|Publication number||US5656552 A|
|Application number||US 08/668,879|
|Publication date||Aug 12, 1997|
|Filing date||Jun 24, 1996|
|Priority date||Jun 24, 1996|
|Publication number||08668879, 668879, US 5656552 A, US 5656552A, US-A-5656552, US5656552 A, US5656552A|
|Inventors||John James Hudak, David Jerome Mountain|
|Original Assignee||Hudak; John James, Mountain; David Jerome|
|Export Citation||BiBTeX, EndNote, RefMan|
|Patent Citations (9), Referenced by (73), Classifications (29), Legal Events (4)|
|External Links: USPTO, USPTO Assignment, Espacenet|
The present invention relates, in general, to semiconductor packaging and, in particular, to semiconductor packaging of a thin, conformal, and high-yielding multi-chip module.
More and more the processing power is being required of all types of microelectronic modules and systems. A multi-chip module is a device that may provide the required processing power. A multi-chip module is a device containing a number of interconnected integrated circuits (i.e., dice) in one package. There are three types of multi-chip modules (i.e., laminate, ceramic, and deposition).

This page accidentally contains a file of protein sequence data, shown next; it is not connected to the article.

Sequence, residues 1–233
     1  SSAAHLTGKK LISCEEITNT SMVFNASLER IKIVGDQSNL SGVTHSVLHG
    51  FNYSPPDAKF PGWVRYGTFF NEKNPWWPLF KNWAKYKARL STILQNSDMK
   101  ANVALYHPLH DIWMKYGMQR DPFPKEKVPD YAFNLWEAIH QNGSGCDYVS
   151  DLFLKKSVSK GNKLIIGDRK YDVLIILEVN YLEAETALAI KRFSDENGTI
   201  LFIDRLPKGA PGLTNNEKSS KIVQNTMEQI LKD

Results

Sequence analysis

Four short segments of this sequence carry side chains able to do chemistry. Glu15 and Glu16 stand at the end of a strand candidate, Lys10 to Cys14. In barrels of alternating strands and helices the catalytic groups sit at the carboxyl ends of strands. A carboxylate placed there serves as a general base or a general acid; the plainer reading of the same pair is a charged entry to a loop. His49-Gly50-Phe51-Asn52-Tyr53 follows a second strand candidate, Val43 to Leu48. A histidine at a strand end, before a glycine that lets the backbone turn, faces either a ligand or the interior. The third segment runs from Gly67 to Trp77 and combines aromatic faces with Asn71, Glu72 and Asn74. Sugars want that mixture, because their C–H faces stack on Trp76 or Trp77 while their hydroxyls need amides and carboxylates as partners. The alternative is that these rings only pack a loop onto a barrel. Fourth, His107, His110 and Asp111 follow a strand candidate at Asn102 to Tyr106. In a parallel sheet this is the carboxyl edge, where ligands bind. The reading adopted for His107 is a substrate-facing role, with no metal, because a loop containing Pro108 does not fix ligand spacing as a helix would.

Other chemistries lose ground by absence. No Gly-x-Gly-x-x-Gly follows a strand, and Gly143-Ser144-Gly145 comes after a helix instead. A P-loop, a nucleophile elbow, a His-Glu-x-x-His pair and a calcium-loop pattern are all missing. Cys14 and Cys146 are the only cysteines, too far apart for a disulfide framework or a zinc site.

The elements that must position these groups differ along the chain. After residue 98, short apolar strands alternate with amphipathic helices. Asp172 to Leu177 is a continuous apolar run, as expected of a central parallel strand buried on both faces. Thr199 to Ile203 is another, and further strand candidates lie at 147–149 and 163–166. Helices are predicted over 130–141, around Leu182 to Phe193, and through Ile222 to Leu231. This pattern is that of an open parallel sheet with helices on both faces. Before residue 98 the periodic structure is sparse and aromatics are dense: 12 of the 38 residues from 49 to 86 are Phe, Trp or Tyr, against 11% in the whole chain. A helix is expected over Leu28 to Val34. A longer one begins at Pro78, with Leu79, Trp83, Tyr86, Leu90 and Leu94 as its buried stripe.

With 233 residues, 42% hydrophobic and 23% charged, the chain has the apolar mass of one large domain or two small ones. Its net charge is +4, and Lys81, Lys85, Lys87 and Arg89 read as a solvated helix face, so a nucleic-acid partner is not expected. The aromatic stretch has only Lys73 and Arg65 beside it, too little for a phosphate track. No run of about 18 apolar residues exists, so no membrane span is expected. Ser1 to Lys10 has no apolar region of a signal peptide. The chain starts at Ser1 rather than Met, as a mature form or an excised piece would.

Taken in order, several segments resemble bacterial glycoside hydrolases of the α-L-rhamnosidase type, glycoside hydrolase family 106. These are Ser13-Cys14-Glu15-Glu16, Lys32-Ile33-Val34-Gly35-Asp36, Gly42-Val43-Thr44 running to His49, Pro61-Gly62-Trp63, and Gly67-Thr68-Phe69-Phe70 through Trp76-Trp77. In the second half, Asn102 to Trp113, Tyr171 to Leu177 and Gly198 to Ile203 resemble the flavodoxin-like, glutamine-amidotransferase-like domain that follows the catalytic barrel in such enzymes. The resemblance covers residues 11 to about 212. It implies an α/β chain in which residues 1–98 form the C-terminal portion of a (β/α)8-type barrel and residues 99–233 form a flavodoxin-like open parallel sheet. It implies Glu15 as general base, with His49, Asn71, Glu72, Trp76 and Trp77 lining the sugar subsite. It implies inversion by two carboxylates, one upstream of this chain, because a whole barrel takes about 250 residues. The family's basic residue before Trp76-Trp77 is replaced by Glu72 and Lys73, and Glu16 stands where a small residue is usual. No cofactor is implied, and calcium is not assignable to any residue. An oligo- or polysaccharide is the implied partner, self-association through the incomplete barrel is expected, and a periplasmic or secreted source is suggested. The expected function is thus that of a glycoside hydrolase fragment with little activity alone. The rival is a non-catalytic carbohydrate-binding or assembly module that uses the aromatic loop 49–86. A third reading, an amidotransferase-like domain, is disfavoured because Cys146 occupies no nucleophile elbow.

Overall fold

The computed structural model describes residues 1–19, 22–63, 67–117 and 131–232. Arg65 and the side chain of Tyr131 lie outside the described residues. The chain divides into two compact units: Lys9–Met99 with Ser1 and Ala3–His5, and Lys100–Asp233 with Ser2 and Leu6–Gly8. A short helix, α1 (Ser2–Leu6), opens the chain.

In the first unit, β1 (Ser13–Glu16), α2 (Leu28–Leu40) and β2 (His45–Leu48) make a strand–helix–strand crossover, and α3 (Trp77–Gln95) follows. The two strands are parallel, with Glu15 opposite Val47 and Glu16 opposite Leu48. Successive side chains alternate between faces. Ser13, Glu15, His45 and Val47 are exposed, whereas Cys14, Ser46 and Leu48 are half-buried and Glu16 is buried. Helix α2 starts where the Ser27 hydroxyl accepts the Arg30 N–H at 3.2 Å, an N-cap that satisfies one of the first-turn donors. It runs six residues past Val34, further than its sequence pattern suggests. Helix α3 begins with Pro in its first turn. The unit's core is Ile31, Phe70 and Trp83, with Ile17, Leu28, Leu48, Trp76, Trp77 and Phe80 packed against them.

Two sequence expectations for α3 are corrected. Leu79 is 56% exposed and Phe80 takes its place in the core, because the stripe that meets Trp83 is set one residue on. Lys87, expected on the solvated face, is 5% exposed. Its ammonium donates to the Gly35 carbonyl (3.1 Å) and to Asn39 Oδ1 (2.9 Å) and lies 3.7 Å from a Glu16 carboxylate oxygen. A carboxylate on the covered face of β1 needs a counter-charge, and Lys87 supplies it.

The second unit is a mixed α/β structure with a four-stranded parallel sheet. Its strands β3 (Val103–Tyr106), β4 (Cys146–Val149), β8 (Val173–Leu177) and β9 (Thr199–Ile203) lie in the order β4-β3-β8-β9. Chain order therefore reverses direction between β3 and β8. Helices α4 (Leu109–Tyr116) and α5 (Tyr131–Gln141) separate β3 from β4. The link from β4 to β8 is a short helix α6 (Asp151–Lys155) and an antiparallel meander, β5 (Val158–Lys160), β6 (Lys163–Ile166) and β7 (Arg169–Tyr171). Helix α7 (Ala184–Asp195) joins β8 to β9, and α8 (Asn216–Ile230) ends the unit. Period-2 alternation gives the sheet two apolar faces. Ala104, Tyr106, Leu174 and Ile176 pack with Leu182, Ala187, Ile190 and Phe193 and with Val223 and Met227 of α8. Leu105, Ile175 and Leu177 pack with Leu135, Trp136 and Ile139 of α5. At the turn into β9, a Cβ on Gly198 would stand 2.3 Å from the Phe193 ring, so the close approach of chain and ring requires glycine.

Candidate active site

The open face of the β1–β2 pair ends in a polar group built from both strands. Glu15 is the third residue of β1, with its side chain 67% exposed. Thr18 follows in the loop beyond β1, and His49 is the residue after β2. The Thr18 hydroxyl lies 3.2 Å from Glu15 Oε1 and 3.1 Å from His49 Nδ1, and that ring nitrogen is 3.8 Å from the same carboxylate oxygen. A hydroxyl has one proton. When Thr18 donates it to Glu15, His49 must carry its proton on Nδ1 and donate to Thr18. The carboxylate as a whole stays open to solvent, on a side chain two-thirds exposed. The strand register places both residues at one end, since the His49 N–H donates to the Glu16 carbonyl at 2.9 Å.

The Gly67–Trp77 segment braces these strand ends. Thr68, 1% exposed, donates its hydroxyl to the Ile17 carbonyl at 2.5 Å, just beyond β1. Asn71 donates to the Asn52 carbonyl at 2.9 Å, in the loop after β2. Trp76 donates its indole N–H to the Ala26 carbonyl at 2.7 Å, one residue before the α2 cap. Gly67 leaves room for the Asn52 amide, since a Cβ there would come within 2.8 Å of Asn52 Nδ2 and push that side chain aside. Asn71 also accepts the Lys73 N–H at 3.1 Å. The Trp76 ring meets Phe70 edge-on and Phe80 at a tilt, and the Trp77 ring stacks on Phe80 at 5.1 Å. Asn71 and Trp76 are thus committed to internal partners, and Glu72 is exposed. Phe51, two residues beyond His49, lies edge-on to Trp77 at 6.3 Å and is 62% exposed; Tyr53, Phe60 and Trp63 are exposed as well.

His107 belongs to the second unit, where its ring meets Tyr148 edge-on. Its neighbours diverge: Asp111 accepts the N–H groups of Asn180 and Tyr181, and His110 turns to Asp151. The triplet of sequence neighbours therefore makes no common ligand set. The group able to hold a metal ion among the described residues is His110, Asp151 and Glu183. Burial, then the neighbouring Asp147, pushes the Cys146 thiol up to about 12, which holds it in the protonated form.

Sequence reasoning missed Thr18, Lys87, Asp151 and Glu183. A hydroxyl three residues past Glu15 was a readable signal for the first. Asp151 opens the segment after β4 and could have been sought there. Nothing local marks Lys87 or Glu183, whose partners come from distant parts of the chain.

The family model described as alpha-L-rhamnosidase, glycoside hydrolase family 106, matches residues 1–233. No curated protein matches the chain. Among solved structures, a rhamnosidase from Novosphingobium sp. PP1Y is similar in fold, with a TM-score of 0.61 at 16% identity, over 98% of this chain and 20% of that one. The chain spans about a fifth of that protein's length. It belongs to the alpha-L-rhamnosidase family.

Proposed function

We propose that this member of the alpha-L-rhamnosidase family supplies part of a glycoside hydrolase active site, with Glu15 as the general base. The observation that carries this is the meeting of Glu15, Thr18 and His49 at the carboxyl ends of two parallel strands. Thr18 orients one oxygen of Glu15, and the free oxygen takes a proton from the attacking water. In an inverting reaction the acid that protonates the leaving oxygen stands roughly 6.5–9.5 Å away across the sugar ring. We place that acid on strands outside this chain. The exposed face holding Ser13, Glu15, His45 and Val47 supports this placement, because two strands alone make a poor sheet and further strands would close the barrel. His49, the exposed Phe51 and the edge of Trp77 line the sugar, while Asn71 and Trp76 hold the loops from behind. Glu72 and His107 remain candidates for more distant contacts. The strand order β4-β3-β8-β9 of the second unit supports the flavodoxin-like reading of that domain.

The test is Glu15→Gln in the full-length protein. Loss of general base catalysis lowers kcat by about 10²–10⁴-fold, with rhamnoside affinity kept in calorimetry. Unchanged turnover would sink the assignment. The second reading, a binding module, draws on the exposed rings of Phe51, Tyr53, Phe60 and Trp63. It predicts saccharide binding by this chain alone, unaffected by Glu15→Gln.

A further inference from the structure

A laminate multi-chip module includes dice connected using various pre-fabricated laminate layers. A laminate multi-chip module can be conformal, but it may not be the smallest multi-chip module that can be made.
A ceramic multi-chip module includes dice on pre-fired (i.e., soft) ceramic tape known as "green tape." The combination is then fired to form a rigid device. The ceramic multi-chip module can be smaller than a laminate multi-chip module, but it is not conformal.
The last class of multi-chip module is a deposition multi-chip module. A deposition multi-chip module consists of standard-thickness dice placed on a supporting substrate. Since standard-thickness dice may form a surface topology that is too irregular to reliably accept a subsequent layer of interconnect, a planarization step is required to smooth the resulting irregular surface topology. There are at least three methods to planarize integrated circuits on a substrate. The first method is to place each die in its own well in the substrate and deposit a dielectric material in the remaining spaces in the wells. The second method is to place the dice onto a flat substrate, deposit a planarizing dielectric material over the dice and the substrate, and smooth the dielectric. The third method is to place the dice on a flat substrate and place a prefabricated stencil (commonly referred to as a window-frame) in the remaining spaces between the dice. A dielectric layer is deposited or laminated over the integrated circuits. Vias are cut into the dielectric in order to contact the dice. At least one thin-film interconnect layer is deposited over the dielectric layer. The deposition multi-chip module can be the smallest of the three classes of multi-chip modules, and if the multi-chip module is thinned after fabrication of the interconnect layers, it can be conformal as well.